I just recently purchased a 50" plasma tv. I made my purchase after agonizing over the decision for literally months. I researched every set, accessed every review site and made the rounds of every "big box" and "warehouse" store and on-line dealer I could find. I am not a technical whiz. I do not have any particular expertise when it comes to purchasing electronics. But in a world where most of us fall into this category when it comes to buying items such as plasma tvs, I am exceptionally thorough both in researching specs, the products themselves and where to buy them. First, I laid out fairly straightforward criteria:
- Screen size
- Relevant specs
- Where to purchase
Screen Size - This is obviously critical as it will determine a major portion of your viewing experience. It will also raise or lower the price dramatically, probably close to doubling every time you move up a screen-size increment. Viewing is a personal choice. The only objective criteria are the size of the room in which you plan to install the plasma and how much personal viewing pleasure you can afford. Generally, if I am sitting more than 5' from the screen I want 42" or larger. Smaller than this and you probably don't need a plasma. Use the computer screen (hopefully a flat screen LCD) on which you are reading this guide as a gauge. If it is a typical 17-19" flat screen, ask yourself from how far away do you still enjoy watching moving images on it? Once you are at close distances and/or opt to buy a smaller screen it is infinitely more economical to buy an LCD screen. Lest I leave you with the impression that there is little difference between say 42" and 50" (by far the most popular screen-sizes purchased in the plasma marketplace), the difference is huge. Pictures on the higher end 50" screens are magnificent with lusher color, sharper picture and a true movie theater feel.
Technology - In brief, there are 3 available technologies in the flat screen universe: Plasma, LCD and DLP. For sticklers, I am omitting flat screens on antiquated CRT technology such as Sony WEGA. Plasma is the subject of this Guide and for my money is the lushest, warmest and most true-to-life picture of them all, particularly in larger screen sizes. Both DLP (Texas Instruments million-mirrors technology) and LCD (your digital flat screen computer screen) provide brilliant picture at cheaper price. Not as warmly colorful as plasma, but certainly leagues ahead of standard CRT (Cathode Ray Tube) TVs. For smaller screens, less than 32", LCD may well be the way to go. The picture is sharp, if a bit harshly light, and the prices at this level are far superior to plasma. My personal experience with LCDs is with Samsung and I strongly recommend their 23" and 26" HDTV models. I have next to no experience with DLP although I believe the technology has made serious gains on Plasma and that, particularly at over-sized models, 60" and above, DLP may well be ready to upstage Plasma for those of us who would rather spend $3,000-4,000 than $8,000-12,000 or more.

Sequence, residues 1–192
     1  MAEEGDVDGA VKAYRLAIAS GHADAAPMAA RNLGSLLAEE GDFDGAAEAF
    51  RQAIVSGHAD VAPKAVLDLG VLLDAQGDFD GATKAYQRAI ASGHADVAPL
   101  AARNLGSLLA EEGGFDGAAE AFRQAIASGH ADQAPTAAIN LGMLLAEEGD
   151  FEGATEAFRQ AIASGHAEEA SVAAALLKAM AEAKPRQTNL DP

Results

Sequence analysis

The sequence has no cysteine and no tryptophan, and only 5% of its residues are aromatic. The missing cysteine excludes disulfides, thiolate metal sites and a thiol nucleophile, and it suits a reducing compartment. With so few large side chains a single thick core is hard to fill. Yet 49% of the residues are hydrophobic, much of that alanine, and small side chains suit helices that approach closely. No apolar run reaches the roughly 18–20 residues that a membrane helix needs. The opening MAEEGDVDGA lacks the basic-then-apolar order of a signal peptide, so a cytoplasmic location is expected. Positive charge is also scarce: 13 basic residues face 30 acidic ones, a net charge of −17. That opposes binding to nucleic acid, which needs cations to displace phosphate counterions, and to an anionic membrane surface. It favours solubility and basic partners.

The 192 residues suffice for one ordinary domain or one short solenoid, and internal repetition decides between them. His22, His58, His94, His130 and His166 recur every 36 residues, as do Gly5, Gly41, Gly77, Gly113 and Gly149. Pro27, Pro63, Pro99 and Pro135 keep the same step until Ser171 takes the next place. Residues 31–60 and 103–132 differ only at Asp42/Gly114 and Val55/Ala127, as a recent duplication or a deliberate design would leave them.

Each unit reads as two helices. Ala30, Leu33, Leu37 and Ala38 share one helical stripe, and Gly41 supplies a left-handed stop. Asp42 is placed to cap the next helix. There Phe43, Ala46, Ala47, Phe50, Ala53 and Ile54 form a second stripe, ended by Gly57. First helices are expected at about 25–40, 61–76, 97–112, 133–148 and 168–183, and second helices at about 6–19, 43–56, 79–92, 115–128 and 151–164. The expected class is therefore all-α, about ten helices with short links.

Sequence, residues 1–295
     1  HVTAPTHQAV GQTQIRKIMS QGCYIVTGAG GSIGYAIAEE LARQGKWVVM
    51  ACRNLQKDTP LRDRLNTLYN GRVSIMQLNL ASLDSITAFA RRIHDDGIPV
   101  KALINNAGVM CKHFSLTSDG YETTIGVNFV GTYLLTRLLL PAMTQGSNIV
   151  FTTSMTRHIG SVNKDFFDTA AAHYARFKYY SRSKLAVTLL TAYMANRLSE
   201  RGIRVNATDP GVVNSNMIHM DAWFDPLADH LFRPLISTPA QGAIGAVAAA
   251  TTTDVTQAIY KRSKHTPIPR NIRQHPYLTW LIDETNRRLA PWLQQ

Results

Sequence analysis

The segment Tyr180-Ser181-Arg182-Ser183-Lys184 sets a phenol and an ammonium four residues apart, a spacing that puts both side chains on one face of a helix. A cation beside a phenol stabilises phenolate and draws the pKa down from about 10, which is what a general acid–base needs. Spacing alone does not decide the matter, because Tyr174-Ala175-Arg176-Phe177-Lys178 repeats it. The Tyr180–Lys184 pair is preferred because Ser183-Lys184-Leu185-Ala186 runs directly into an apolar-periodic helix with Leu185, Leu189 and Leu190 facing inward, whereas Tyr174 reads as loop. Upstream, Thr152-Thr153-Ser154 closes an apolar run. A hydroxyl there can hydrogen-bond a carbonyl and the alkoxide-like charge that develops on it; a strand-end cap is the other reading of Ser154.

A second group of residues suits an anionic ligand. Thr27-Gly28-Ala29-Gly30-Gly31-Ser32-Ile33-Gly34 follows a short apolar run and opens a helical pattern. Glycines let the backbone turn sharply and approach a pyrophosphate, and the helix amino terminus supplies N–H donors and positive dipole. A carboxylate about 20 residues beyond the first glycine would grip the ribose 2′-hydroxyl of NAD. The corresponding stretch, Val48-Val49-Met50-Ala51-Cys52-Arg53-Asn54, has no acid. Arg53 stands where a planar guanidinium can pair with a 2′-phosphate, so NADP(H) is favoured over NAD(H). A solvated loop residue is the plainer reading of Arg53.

Relevant Specs - Sifting through the gobbledy gook of pixels, mghz, etc. all came down to picture quality, a built-in tuner, built-in speakers (and where they are located), some audio-visual inputs and PIP.
- Picture - If you're going for the money of a 50", buy 1366x768 (1024x768 for a 42"). Watch out for 1020x1020 which is really a widescreen, commercial display. Always look for the higher "native resolution" when it comes to picture quality.
- Tuner - If the set does not have a built-in tuner like your normal TV, you will need a separate cable box or digital box to receive and play channels. Since most people have a cable box or DVR, this is usually not a problem but if for some reason you intend to bypass the box and save the $5/month (or $9 for a digital box) and plug the screen directly to your cable outlet, you will need the built-in tuner to change stations.
- Speakers - Many of the larger sets have speakers only as an option. If the set is to be hooked to a stereo surround system or just through a local stereo receiver, you don't need the speakers and can often get a cleaner look to go with your purer sound. But if you have any intention or possibility of using the set clean, with it's own tuner and soundsystem, best to err on the side of caution and get the built-in speakers. You can pay extra where speakers are optional, but this will add 100's to the price.
- Inputs - All of these sets come with the basic audio-visual to hook the set up to your cable box, stereo and audio-visual components. In today's world you want to make sure and have at least 1 HDMI input/output to enable you to access true HDTV. In additional to a digital cable box you need this wiring to receive the 720/1080 digital signal.
- PIP - Silly thing. After narrowing my personal search down to 2- 50" plasmas and going back and forth between them for months, I realized that one of the sets did not have PIP ("Picture-In-Picture"). My advice: If you share the set at all, particularly with a spouse or partner, get the PIP.